|Publication number||US7489318 B1|
|Application number||US 10/851,555|
|Publication date||Feb 10, 2009|
|Filing date||May 20, 2004|
|Priority date||May 20, 2004|
|Publication number||10851555, 851555, US 7489318 B1, US 7489318B1, US-B1-7489318, US7489318 B1, US7489318B1|
|Inventors||Nicholas Patrick Wilt|
|Original Assignee||Nvidia Corporation|
|Export Citation||BiBTeX, EndNote, RefMan|
|Patent Citations (7), Referenced by (24), Classifications (17), Legal Events (2)|
|External Links: USPTO, USPTO Assignment, Espacenet|
The present disclosure is related to co-pending U.S. patent application Ser. No. 10/388,112, filed Mar. 12, 2003, and titled “Double-Buffering of Pixel Data using Copy-on-Write Semantics,” which is incorporated by reference in its entirety for all purposes.
This invention relates generally to generating graphical images, and more particularly, this invention relates to managing memory to use graphical images as input for effectuating graphics processing. As an example, a memory includes a render target and a copy of that render target for use as texture, whereby the copy is formed and updated in an efficient manner.
To hasten the generation and display of increasingly complex computer-generated imagery, conventional graphics processing techniques include recursively rendering and combining previously generated images, whereby a single, highly detailed graphic image is formed. An algorithm implementing such a technique is referred to as a multiple pass (“multipass”) algorithm. To illustrate, consider a graphical processor unit (“GPU”) executing instructions of a video game application, those instructions including a multipass algorithm. In this example, the multipass algorithm renders and then stores an image of a computer-generated scene. Next, the multipass algorithm uses the stored scene as an input to render the scene in combination with another graphical image, such as with one or more characters. Thereafter, the image of the scene with the characters is available as an input for further rendering, where each additional pass adds other like graphical images, such as weaponry, special effects (e.g., muzzle flashes), etc., to the scene.
Each of pixel pipelines 108 continues from shader 104 and extends to a render target 122 residing in graphics memory 120, which can be implemented as a frame buffer. Conventionally, render target 122 is an intermediary storage that is accessible as both as a target and a source of image data. That is, it is a target to which image data is written so computer-images can be displayed, and it is a source for providing a texture as input back into shader 104. By recursively writing to render target 122 and reading a texture from that render target, multiple passes can integrate complex visual effects into images of previous rendering passes.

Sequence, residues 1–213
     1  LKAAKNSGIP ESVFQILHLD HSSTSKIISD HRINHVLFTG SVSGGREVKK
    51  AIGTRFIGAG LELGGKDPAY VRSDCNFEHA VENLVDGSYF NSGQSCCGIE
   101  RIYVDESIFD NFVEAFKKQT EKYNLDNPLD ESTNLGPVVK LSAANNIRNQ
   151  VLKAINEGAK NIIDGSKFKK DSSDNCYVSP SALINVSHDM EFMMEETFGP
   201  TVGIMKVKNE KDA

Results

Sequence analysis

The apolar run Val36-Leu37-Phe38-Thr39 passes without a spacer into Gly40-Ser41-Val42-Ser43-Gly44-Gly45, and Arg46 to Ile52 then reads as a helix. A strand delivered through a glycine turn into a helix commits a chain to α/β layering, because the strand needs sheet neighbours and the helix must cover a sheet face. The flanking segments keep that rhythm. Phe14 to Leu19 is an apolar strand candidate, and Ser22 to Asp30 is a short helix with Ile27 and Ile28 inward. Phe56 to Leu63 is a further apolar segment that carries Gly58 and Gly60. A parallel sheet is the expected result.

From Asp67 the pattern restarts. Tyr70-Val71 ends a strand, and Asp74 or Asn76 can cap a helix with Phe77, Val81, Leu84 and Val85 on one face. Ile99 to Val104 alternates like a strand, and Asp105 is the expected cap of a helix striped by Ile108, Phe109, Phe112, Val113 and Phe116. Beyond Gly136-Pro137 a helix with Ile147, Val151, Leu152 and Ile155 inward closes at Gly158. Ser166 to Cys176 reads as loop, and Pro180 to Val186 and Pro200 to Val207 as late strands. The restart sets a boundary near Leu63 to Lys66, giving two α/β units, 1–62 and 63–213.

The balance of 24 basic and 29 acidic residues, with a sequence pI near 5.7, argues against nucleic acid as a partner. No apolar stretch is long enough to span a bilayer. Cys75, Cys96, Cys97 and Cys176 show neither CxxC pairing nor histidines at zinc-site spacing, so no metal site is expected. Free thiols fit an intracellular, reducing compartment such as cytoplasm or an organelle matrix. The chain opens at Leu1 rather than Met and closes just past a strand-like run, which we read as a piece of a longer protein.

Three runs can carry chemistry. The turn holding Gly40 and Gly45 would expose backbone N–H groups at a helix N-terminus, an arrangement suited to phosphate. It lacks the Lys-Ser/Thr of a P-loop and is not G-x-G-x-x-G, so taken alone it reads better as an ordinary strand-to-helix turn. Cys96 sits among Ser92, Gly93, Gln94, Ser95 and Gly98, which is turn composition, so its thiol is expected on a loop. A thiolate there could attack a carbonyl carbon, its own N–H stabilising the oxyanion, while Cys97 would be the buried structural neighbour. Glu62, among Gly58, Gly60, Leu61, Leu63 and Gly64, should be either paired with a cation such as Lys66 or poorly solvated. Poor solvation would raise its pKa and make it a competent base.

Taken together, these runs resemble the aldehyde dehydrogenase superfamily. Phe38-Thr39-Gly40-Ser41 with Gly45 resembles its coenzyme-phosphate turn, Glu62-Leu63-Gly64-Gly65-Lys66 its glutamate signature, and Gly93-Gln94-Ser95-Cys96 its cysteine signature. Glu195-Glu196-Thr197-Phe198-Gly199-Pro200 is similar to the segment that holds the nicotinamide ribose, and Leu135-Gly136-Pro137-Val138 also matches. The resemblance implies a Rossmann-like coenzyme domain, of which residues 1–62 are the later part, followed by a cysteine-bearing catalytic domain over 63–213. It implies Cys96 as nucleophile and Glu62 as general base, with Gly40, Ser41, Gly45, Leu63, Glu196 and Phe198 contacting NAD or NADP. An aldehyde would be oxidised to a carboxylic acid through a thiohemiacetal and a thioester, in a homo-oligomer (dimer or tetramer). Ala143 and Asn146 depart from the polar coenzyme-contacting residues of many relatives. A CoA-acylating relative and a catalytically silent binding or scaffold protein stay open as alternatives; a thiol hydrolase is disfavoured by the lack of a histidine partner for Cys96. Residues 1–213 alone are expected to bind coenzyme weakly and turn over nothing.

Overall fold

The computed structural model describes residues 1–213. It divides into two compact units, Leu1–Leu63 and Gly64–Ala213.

But there are several drawbacks to the approach of using render target 122 as texture as input to further render graphical images. For example, synchronicity of multiple writes 130 to and reads 132 from render target 122 is computationally expensive, among other things, when managing those writes 130 and reads 132 in parallel, or during any overlapping interval of time. Since render target 122 is a shared resource (i.e., memory), writes 130 and reads 132 with respect to each pixel stored in render target 122 must be managed at a fine-grained level. That is, every memory location storing pixel data from each pipeline 108 is managed to prevent overlapping write and read operations from interfering with each other and corrupting the pixel data. Without properly ordering these operations, conflicting write and read operations would result in incorrect pixel data. And if GPU 102 implements multiple threads or an increased number of shaders 104, the amount of computations and/or hardware to synchronize the increased numbers of writes 130 and reads 132 becomes expensive. Further to this approach, latency is introduced into the multipass rendering of graphical images, especially when system 100 performs synchronization at fine-grained levels, such as when memory locations are “locked-out” (i.e., blocked against programming or otherwise altering). While any access to or from the render target is prohibited or locked-out, one or more pixel pipelines stall until such access is granted. This delays graphical image generation and thus hinders performance. These delays are relatively long because pixel pipelines 108 between render target 122 and 108 include numerous intermediary graphics subprocesses, such as depth testing, compositing, blending, etc.